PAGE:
Apparently Twitter only just got the memo that fashion’s had for ages: One size does not fit all — especially when it comes in extra small. The snack-sized messaging platform is testing a new message limit that doubles its narrow 140-letter restriction, expanding it to 280 characters.
The company’s goal is to prompt more usage across the network: “When people don’t have to cram their thoughts into 140 characters and actually have some to spare, we see more people tweeting,” Twitter wrote on its blog.
Clearly, for a company beset by declining growth rates, usage matters. Although the network may get plenty of press as President Trump’s social media service of choice, the attention hasn’t translated into continued user acquisition. The network, which serves 328 million people, followed up its nine-million-user growth in the first quarter of this year with zero additions in the second quarter.
This is a small change, but a big move for us. 140 was an arbitrary choice based on the 160 character SMS limit. Proud of how thoughtful the team has been in solving a real problem people have when trying to tweet. And at the same time maintaining our brevity, speed, and essence! https://t.co/TuHj51MsTu
— jack (@jack) September 26, 2017
Too bad the announcement lands with something of a thud for an Internet whose focus has moved from text-based experiences to visual media. Nowhere is this more evident than in the fashion sector. Twitter, which once inspired Burberry to hold a Tweetwalk in 2011, as well as Tweetcam in 2015, has taken a backseat in the age of Instagram, Snapchat and Pinterest.
For visually artistic sectors like fashion, appeal hinges on the power of images. For instance, fashion influencer Sky Ferreira posted three times on Twitter versus 23 shares on Instagram. Fashion blogger Danielle Bernstein did a little better, with 11 tweets this month, mostly short messages with links to her blog. Her one text-based share was a plug for Snupps, another visually oriented social app. Meanwhile, so far, her Instagram tally for September comes to 75 shared images.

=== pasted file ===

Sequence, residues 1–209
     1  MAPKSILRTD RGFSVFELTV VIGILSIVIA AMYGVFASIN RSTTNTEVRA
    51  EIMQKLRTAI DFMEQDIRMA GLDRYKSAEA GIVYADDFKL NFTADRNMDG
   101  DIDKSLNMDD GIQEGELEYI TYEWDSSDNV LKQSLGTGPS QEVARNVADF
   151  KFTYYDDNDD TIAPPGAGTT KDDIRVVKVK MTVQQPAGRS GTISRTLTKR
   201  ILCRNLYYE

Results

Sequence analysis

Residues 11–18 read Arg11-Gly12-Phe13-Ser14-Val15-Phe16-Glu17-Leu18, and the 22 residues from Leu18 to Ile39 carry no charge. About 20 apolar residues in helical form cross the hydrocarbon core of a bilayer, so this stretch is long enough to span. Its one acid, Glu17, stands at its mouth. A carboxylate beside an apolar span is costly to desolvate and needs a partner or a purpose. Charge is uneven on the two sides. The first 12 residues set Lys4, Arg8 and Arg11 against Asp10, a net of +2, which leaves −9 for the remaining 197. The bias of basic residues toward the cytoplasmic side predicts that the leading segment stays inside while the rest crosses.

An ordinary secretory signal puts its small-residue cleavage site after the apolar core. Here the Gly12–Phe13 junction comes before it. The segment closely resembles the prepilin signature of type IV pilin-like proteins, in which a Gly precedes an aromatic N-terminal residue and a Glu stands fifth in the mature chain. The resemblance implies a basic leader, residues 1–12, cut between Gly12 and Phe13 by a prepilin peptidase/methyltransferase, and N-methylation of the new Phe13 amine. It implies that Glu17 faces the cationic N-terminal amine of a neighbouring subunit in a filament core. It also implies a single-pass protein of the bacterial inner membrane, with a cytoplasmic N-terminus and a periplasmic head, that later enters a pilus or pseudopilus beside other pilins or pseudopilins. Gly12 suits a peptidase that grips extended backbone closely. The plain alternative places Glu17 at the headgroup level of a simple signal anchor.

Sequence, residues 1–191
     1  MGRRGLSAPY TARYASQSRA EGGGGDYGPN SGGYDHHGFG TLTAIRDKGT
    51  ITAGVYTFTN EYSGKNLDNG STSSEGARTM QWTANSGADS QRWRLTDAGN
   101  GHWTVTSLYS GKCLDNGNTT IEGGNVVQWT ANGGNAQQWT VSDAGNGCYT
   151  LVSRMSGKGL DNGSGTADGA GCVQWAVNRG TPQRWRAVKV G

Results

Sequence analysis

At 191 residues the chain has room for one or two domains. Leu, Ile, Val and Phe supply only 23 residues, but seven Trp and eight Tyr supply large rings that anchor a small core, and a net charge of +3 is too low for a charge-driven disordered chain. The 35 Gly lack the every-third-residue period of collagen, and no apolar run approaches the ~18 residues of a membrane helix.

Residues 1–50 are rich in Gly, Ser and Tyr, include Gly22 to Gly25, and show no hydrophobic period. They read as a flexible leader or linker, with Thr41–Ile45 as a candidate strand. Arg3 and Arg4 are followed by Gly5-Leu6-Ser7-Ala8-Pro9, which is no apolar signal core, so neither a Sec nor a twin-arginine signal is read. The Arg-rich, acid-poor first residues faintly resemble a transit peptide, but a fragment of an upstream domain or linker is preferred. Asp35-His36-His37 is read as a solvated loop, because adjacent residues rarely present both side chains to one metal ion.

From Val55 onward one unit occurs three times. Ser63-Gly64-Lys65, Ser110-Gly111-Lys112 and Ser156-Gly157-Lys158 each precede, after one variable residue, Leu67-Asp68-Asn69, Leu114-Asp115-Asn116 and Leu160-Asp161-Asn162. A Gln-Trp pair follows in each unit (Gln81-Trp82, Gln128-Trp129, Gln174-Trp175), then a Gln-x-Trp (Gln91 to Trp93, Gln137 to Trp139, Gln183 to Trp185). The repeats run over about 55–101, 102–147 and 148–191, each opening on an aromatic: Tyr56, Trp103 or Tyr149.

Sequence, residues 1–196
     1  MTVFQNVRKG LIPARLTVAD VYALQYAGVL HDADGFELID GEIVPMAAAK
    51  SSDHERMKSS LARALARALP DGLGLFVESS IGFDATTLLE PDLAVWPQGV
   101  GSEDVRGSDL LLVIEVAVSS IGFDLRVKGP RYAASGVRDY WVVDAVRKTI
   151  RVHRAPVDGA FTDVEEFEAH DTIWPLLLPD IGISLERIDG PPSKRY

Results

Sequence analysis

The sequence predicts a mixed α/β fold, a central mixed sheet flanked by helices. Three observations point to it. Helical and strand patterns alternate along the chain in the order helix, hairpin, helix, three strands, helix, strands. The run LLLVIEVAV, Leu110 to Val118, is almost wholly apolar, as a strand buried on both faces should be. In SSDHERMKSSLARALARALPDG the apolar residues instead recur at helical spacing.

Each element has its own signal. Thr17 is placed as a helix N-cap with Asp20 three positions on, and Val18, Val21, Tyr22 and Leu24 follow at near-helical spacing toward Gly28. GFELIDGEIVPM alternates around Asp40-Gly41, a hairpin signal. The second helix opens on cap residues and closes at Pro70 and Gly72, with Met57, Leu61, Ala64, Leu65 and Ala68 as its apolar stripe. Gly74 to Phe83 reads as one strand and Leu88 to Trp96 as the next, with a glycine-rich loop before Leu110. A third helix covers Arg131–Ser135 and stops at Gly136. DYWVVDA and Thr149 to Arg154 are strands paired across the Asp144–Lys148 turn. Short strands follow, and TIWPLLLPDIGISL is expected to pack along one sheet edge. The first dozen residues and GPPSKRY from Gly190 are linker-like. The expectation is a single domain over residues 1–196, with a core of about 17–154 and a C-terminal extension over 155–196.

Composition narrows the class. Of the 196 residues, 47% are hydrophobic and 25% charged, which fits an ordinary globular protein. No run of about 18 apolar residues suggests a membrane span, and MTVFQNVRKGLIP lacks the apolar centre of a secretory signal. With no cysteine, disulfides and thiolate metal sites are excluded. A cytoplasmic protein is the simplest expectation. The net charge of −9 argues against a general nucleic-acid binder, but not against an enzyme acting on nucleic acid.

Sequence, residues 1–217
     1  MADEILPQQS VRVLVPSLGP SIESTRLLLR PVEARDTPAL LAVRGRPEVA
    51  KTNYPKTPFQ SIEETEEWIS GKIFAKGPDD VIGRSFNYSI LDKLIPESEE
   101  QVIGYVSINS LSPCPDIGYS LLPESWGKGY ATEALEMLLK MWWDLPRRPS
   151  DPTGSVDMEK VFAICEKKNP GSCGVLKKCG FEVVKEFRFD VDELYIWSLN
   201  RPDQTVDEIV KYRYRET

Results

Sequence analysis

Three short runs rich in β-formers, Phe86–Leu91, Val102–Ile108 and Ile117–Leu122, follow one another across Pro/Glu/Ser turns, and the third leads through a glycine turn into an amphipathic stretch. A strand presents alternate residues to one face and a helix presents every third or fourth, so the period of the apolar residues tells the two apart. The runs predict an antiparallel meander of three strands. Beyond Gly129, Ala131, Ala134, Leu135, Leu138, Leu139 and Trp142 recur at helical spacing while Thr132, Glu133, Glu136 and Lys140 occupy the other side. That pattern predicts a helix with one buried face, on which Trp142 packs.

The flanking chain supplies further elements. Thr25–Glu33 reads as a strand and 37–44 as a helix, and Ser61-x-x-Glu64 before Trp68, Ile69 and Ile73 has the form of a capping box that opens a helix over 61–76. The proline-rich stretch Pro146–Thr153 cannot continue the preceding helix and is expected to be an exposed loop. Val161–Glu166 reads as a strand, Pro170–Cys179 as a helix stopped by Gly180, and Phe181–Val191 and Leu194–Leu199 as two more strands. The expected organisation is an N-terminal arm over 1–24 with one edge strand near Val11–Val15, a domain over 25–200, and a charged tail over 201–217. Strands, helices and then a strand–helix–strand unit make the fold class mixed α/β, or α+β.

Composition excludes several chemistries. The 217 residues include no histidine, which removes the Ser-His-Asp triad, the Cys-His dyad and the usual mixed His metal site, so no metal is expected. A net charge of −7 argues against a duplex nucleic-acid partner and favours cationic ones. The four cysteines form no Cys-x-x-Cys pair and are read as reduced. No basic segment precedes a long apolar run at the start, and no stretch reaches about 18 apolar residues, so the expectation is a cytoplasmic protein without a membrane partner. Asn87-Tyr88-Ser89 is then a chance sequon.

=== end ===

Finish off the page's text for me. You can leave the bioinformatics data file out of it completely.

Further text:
It’s hard to fault her. Bernstein’s 37,400 Twitter followers can’t touch her 1.7 million Instagram fans. For Hanneli Mustaparta, another fashion personality, her Twitter account’s 59,500 count also pales in comparison to the 253,000 people who track her Instagram shares. Mustaparta’s Twitter presence essentially sums up her Instagram feed, with short shares such as, “Officially missing Sicily @ Modica” and “This place is a dream! @ Scala Dei Turchi” and a link. The fashion personality hasn’t tweeted in more than a month, and only four times in all of August.
Twitter has dabbled with moving images, with varying degrees of success. Although it shelved Vine 6-second videos last January, the company maintains its Periscope live-streaming service, and spearheaded various efforts — including a partnership with IMG to livestream shows during the latest New York Fashion Week. But that couldn’t save the network from its flatlining growth rate — or the hangover from the record lows in its share price last year, inability to find a buyer or anemic advertising business.
The company clearly hopes the extra character capacity can move the needle. While that’s not likely for people like Bernstein and Mustaparta, it could mean more for editorial brands, people who use the service like a newsfeed, and other Twitter users who lean toward long-windedness.
The test will run for “at least a few weeks” and users will be chosen at random, said Twitter spokesperson Will Stickney. “Anyone tweeting in languages outside of Japanese, Chinese and Korean could be in the test,” he added, referencing Asian languages that tend to pack more meaning in less linguistic real estate. Speakers of those languages presumably won’t need the additional space. If they do, well, they’ll have 140 characters to tweet their complaints.